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Superintendent's News

Posted: July 17, 2020

Snow Day on Steroids

In a message to employees, Supt. Elder writes about the challenges of creating a Reentry Play.

One of the most dreaded responsibilities of the APS Chief Operations Officer is deciding whether to call for a snow day. As the winter storms rolled in, I would be up all night monitoring the weather, checking in with police and transportation, even driving the roads myself to see if they might be too slick for a bus driver or a mom with a car full of kids or a teenager with a learner's permit.

I didn't want our students to miss out on instruction, and I knew how disruptive closing schools could be for working families. Still, safety had to come first. To make matters worse, you could be sure that as dangerous as the roads were in one part of town, they were clear as a bell in another, further distressing and infuriating families.

Snow days are a damned if you do, damned if you don't situation. Dealing with the coronavirus is like a snow day on steroids.

For the past several weeks, we have been working on the APS Reentry Plan for the 2020-2021 school year. I encourage you to read the plan, if you haven't already, or at least to look at the overview posted to the APS website. You'll notice it calls for several weeks of planning, prep, and remote learning during the first weeks of school, with students scheduled to return to the ​classroom after Labor Day on an every-other-week rotation Tuesdays-Fridays.

The plan also outlines steps for swiftly moving to remote learning if the spread of the coronavirus isn't curtailed and public health orders still call for residents to mostly stay home.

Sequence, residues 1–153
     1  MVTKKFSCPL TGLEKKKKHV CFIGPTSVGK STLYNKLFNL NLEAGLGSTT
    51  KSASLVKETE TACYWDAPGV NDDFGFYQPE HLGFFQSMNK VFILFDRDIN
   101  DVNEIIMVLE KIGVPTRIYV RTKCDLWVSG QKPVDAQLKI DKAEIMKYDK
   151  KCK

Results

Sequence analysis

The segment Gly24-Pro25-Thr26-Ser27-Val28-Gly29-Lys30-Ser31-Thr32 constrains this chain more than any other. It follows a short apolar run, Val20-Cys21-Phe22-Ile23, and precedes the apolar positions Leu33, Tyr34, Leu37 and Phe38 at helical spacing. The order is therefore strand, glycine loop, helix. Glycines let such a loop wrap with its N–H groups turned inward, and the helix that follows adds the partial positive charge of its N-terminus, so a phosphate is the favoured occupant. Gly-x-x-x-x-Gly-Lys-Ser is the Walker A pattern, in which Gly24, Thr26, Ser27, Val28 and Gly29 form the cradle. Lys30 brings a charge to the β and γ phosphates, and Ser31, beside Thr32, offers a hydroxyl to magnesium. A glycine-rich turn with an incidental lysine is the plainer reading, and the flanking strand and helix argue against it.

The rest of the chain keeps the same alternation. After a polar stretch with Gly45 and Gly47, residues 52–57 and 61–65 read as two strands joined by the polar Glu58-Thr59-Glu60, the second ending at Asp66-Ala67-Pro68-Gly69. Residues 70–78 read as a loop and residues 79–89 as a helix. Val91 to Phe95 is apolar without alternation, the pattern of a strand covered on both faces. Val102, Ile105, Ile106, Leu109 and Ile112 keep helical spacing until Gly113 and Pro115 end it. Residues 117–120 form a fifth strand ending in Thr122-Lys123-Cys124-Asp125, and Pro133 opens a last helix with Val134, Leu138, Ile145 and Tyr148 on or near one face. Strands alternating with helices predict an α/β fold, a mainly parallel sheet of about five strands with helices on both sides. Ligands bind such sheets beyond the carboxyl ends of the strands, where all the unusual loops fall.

Flexibility is the name of this game. As each day seems to bring unforeseen challenges, the district, its staff, students, and families all need to be ready to turn on a dime.

The Reentry Plan was painstakingly put together, taking into consideration everyone's point of view. From families who want to send to their children to school to those who feel safer keeping them home. From teachers longing to get back in the classroom to those concerned with their health or the health of someone they care for. From community leaders who see the return to school as a much-needed boost to the local economy to those who worry about an unmanageable spread of the virus that will further burden our healthcare system and threaten the lives of our neighbors.

We were asked to solve an unsolvable problem. What we came up with is a good compromise that allows for in-school instruction in small, safe settings on an every-other-week rotation, allowing for continuity, fewer transitions, easier planning and scheduling, and deeper cleaning.

With compromise, of course, comes uncertainty. All of us, as members of the APS team, will have to face those uncertainties with bravery, innovation, and collaboration. And you can be sure that our decisions will be met with cheers and jeers.

​We will get through this historic crisis together. We'll learn to live with the virus, and eventually, there will be a vaccine. But I worry about the possible impacts along the way if we don't get this right. So, we're working on getting it right.